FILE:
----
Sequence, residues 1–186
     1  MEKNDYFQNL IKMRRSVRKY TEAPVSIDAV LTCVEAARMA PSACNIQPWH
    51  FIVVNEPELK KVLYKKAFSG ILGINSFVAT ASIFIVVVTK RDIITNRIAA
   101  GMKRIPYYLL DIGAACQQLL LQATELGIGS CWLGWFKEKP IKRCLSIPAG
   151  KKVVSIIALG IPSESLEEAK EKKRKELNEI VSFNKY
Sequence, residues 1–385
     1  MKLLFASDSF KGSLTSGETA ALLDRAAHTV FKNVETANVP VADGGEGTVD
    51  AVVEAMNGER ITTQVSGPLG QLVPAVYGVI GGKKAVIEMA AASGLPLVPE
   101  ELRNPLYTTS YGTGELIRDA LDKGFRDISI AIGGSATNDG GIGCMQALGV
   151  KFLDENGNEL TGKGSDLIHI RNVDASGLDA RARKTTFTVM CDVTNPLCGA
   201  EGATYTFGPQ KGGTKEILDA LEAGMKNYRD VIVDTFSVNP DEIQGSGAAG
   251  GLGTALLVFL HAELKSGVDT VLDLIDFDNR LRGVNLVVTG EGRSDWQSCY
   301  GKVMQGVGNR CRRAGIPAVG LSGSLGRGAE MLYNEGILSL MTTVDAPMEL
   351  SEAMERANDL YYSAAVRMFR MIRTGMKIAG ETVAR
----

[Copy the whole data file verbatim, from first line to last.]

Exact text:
Sequence, residues 1–186
     1  MEKNDYFQNL IKMRRSVRKY TEAPVSIDAV LTCVEAARMA PSACNIQPWH
    51  FIVVNEPELK KVLYKKAFSG ILGINSFVAT ASIFIVVVTK RDIITNRIAA
   101  GMKRIPYYLL DIGAACQQLL LQATELGIGS CWLGWFKEKP IKRCLSIPAG
   151  KKVVSIIALG IPSESLEEAK EKKRKELNEI VSFNKY
Sequence, residues 1–385
     1  MKLLFASDSF KGSLTSGETA ALLDRAAHTV FKNVETANVP VADGGEGTVD
    51  AVVEAMNGER ITTQVSGPLG QLVPAVYGVI GGKKAVIEMA AASGLPLVPE
   101  ELRNPLYTTS YGTGELIRDA LDKGFRDISI AIGGSATNDG GIGCMQALGV
   151  KFLDENGNEL TGKGSDLIHI RNVDASGLDA RARKTTFTVM CDVTNPLCGA
   201  EGATYTFGPQ KGGTKEILDA LEAGMKNYRD VIVDTFSVNP DEIQGSGAAG
   251  GLGTALLVFL HAELKSGVDT VLDLIDFDNR LRGVNLVVTG EGRSDWQSCY
   301  GKVMQGVGNR CRRAGIPAVG LSGSLGRGAE MLYNEGILSL MTTVDAPMEL
   351  SEAMERANDL YYSAAVRMFR MIRTGMKIAG ETVAR